IDEAS home Printed from https://ideas.repec.org/a/bla/jbfnac/v33y2006-01i1-2p1-25.html
   My bibliography  Save this article

Accruals, Cash Flows and the Post-Earnings-Announcement Drift

Author

Listed:
  • Lakshmanan shivakumar

Abstract

Several prior studies have shown that cash flows have significantly greater impact on stock prices than accruals. We examine the implications of these findings for the post-earnings-announcement-drift anomaly. We argue that, if investors under-react to earnings news, then the larger price impact of cash flows causes the cash flow component of earnings news to predict future returns better than the accruals component. Consistent with this argument, we show that unexpected cash flows are more positively related to future returns, than are unexpected accruals. Also, unexpected cash flows are found to predict future returns above and beyond that predicted by earnings surprises. Finally, we show that a strategy that decomposes earnings news into its components significantly outperforms strategies based on earnings news alone. The results support under-reaction explanations for the drift. Copyright Blackwell Publishers Ltd, 2006.

Suggested Citation

  • Lakshmanan shivakumar, 2006. "Accruals, Cash Flows and the Post-Earnings-Announcement Drift," Journal of Business Finance & Accounting, Wiley Blackwell, vol. 33(1-2), pages 1-25.
  • Handle: RePEc:bla:jbfnac:v:33:y:2006-01:i:1-2:p:1-25
    as

    Download full text from publisher

    File URL: http://www.blackwell-synergy.com/doi/abs/10.1111/j.1468-5957.2006.01425.x
    File Function: link to full text
    Download Restriction: Access to full text is restricted to subscribers.

    As the access to this document is restricted, you may want to search for a different version of it.

    Citations

    Citations are extracted by the CitEc Project, subscribe to its RSS feed for this item.
    as


    Cited by:

    1. Eli Amir & Itay Kama & Shai Levi, 2015. "Conditional Persistence of Earnings Components and Accounting Anomalies," Journal of Business Finance & Accounting, Wiley Blackwell, vol. 42(7-8), pages 801-825, September.
    2. repec:nbp:nbpbik:v:48:y:2017:i:2:p:173-196 is not listed on IDEAS
    3. Shuping Chen & Jake Thomas & Frank Zhang, 2016. "Spring-loading future performance when no one is looking? Earnings and cash flow management around acquisitions," Review of Accounting Studies, Springer, vol. 21(4), pages 1081-1115, December.
    4. Richardson, Scott & Tuna, Irem & Wysocki, Peter, 2010. "Accounting anomalies and fundamental analysis: A review of recent research advances," Journal of Accounting and Economics, Elsevier, vol. 50(2-3), pages 410-454, December.
    5. Christoph Kaserer & Carmen Klingler, 2008. "The Accrual Anomaly Under Different Accounting Standards - Lessons Learned from the German Experiment," Journal of Business Finance & Accounting, Wiley Blackwell, vol. 35(7-8), pages 837-859.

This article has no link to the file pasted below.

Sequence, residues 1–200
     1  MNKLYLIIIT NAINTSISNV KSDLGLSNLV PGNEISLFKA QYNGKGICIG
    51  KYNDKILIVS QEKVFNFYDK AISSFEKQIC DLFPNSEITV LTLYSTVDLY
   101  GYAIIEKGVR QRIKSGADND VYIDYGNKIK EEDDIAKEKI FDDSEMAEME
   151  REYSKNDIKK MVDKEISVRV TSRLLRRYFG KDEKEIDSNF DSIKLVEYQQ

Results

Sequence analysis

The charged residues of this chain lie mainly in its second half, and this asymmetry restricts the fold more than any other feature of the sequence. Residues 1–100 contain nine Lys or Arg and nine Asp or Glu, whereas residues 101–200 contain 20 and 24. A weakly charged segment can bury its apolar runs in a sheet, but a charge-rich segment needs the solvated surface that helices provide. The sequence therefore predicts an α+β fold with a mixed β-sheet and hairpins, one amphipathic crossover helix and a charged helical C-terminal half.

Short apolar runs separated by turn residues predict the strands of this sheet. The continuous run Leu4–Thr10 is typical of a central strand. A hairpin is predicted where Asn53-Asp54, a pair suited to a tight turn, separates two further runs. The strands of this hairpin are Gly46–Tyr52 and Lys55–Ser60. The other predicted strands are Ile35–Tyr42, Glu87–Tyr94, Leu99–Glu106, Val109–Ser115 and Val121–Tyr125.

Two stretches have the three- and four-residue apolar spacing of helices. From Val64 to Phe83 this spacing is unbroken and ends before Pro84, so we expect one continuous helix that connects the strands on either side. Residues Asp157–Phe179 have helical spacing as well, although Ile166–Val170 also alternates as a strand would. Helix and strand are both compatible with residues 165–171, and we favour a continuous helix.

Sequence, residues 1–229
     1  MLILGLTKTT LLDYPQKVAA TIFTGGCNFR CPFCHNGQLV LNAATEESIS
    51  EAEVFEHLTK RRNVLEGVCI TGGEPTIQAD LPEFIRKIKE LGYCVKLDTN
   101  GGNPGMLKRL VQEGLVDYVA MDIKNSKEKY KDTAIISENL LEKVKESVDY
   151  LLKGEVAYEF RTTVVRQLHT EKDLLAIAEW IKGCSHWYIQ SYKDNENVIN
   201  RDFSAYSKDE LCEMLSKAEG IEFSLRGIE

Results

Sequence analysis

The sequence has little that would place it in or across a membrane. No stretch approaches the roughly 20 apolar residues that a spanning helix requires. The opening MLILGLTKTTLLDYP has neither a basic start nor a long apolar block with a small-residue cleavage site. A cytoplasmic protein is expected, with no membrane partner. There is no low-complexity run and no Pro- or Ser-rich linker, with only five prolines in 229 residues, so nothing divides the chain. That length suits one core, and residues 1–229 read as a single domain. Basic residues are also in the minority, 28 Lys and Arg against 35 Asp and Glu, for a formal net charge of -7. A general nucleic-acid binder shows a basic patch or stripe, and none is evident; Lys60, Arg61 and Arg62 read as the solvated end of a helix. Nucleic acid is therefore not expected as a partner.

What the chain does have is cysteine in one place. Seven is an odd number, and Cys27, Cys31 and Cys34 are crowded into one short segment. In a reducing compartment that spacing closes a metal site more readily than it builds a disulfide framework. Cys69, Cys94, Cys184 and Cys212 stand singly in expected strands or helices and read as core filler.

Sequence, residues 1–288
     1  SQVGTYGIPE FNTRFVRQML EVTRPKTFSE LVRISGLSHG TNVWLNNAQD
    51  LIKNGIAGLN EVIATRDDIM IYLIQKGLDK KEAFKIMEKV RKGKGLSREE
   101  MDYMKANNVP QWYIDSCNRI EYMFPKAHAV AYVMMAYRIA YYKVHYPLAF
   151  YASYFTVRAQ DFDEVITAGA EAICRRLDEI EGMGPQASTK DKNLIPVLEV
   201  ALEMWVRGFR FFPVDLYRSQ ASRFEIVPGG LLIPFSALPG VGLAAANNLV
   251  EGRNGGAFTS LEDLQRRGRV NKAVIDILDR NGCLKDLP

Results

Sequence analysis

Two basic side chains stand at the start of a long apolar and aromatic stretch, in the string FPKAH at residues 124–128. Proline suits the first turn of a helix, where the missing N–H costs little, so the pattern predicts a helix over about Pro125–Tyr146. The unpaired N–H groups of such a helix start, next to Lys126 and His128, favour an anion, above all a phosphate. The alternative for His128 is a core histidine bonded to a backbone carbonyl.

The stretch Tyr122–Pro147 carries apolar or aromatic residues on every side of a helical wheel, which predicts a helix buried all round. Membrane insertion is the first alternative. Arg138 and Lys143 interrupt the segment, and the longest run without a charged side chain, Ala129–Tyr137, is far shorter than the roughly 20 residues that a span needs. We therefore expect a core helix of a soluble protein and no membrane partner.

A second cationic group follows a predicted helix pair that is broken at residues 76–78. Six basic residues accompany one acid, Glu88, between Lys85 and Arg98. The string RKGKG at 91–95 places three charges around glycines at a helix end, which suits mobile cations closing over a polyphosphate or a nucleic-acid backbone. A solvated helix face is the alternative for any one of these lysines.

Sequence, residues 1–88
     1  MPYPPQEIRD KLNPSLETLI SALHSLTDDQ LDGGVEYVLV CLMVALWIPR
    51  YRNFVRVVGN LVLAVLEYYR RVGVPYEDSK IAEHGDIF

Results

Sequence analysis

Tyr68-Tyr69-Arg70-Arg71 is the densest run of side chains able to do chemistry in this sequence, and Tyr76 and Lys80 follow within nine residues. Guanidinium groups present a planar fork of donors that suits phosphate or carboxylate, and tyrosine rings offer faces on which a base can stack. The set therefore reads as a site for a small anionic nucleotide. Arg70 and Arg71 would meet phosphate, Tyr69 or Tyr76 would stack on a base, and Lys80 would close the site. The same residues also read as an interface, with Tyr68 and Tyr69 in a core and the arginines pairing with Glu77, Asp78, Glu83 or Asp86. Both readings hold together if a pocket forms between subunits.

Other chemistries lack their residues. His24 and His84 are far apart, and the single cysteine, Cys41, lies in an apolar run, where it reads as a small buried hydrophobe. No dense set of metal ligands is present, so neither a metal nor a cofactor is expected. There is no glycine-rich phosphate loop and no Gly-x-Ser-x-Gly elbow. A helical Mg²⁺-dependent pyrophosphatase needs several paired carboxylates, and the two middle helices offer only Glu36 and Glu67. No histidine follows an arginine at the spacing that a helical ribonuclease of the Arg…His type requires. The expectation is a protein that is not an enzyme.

More about this item

    Statistics

    Access and download statistics

    Corrections

    All material on this site has been provided by the respective publishers and authors. You can help correct errors and omissions. When requesting a correction, please mention this item's handle: RePEc:bla:jbfnac:v:33:y:2006-01:i:1-2:p:1-25. See general information about how to correct material in RePEc.

    For technical questions regarding this item, or to correct its authors, title, abstract, bibliographic or download information, contact: (Wiley-Blackwell Digital Licensing) or (Christopher F. Baum). General contact details of provider: http://www.blackwellpublishing.com/journal.asp?ref=0306-686X .

    If you have authored this item and are not yet registered with RePEc, we encourage you to do it here. This allows to link your profile to this item. It also allows you to accept potential citations to this item that we are uncertain about.

    We have no references for this item. You can help adding them by using this form .

    If you know of missing items citing this one, you can help us creating those links by adding the relevant references in the same way as above, for each refering item. If you are a registered author of this item, you may also want to check the "citations" tab in your RePEc Author Service profile, as there may be some citations waiting for confirmation.

    Please note that corrections may take a couple of weeks to filter through the various RePEc services.

    IDEAS is a RePEc service hosted by the Research Division of the Federal Reserve Bank of St. Louis . RePEc uses bibliographic data supplied by the respective publishers.